Physicists Create Water Tractor Beam

Physicists at the Australian National University have created a tractor beam in water. Using a simple wave generator they can create water currents which could be used to confine oil spills, manipulate floating objects or explain rips at the beach.

Credit: ANU Multimedia Team

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C# float

A loop in C# using floating point numbers:

 for (float f = 16777217f; f < 16777218f; f++) { }

Why a post about this? Well find out by running this little C# Console Application:

using System;

namespace ConsoleApplication1
{
 class Program
 {
   static void Main(string[] args)
   {
     for (float f = 16777217f; f < 16777218f; f++)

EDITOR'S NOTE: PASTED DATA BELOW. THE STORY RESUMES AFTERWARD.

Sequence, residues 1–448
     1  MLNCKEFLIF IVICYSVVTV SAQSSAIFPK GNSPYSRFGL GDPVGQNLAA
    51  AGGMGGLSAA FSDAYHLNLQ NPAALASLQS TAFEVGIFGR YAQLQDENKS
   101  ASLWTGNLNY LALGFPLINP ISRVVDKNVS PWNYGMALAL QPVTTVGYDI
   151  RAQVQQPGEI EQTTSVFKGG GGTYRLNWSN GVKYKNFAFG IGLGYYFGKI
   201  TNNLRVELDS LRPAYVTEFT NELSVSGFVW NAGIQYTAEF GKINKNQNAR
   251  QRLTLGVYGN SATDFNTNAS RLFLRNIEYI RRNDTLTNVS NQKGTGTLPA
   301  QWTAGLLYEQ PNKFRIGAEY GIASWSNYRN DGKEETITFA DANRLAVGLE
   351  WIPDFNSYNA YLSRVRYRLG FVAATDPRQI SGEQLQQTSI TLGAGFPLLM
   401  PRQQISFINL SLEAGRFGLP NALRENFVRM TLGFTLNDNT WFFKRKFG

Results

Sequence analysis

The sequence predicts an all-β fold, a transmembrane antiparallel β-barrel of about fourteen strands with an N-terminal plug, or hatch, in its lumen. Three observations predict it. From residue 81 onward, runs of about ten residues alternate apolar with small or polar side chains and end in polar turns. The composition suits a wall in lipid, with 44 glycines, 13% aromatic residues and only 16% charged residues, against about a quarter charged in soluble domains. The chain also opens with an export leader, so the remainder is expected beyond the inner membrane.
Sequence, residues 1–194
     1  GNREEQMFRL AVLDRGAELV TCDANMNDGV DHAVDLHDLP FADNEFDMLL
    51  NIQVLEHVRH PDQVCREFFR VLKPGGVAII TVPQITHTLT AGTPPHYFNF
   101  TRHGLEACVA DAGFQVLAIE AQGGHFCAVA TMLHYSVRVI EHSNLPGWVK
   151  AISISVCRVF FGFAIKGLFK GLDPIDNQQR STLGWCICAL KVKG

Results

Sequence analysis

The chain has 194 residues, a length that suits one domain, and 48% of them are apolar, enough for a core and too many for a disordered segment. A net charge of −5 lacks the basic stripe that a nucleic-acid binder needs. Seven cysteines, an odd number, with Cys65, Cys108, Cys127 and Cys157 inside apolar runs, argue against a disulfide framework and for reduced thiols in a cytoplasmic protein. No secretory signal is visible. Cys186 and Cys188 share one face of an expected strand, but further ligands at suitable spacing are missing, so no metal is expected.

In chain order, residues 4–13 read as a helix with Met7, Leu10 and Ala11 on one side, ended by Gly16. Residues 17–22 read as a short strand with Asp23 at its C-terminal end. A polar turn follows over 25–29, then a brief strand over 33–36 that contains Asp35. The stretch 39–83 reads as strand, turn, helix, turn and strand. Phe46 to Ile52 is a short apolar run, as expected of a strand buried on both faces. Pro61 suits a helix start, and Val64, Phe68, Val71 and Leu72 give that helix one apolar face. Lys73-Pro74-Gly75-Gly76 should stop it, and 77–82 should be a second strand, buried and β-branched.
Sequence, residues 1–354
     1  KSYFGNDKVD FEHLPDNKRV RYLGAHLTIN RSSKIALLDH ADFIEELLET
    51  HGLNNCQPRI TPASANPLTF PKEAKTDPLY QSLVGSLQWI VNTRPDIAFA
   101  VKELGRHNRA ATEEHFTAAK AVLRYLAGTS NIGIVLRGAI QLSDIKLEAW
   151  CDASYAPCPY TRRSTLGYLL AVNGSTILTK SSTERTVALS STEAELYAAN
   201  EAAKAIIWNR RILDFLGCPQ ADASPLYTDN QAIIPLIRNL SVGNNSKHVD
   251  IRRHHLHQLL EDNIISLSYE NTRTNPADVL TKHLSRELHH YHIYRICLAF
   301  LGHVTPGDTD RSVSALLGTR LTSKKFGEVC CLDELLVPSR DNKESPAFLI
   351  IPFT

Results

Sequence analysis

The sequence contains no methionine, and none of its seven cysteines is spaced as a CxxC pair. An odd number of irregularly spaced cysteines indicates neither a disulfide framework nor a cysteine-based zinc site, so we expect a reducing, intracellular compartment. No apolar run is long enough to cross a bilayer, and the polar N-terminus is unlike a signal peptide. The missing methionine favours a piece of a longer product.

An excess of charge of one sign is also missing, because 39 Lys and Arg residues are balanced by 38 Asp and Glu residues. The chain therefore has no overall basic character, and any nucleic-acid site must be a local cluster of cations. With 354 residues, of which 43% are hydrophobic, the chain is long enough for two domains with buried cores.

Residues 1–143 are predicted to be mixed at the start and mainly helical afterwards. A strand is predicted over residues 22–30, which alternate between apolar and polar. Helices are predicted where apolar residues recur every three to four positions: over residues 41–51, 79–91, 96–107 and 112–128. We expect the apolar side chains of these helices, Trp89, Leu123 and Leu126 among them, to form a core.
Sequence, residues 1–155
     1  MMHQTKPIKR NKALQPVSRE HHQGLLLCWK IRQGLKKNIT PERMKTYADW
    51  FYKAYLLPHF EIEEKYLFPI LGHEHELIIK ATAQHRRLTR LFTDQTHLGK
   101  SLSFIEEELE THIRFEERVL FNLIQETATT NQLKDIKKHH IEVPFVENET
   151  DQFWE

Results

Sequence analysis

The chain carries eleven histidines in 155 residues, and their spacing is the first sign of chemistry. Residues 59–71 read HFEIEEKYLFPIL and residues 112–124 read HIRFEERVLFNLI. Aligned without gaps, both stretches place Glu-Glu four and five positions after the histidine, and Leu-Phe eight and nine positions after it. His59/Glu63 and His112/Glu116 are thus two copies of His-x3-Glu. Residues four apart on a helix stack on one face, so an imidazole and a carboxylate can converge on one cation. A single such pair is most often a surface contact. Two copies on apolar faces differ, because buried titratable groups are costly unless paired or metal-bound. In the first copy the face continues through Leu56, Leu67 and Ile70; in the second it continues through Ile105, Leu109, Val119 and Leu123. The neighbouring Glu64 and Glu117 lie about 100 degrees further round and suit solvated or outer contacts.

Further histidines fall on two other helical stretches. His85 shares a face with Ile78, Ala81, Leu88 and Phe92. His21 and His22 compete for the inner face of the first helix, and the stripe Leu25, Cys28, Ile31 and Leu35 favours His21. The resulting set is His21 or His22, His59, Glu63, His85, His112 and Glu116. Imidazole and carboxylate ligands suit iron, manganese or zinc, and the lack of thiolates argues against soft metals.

Console.WriteLine("Hello.");
   }
 }
}

What went wrong?
The value of float f is actually 16777216, because it was rounded while storing the value.

float f = 16777217f;

Let’s explain what goes wrong with the increment by showing an example:

float f = 16777217f;
f++;

We would expect that f is now 16777218. Wrong!

float f = 16777217f;
// f is now 16777216 !!
f++;
// f is still 16777216 !! (incremented by 1 but when being saved it is rounded again)

More information about floats can be found here.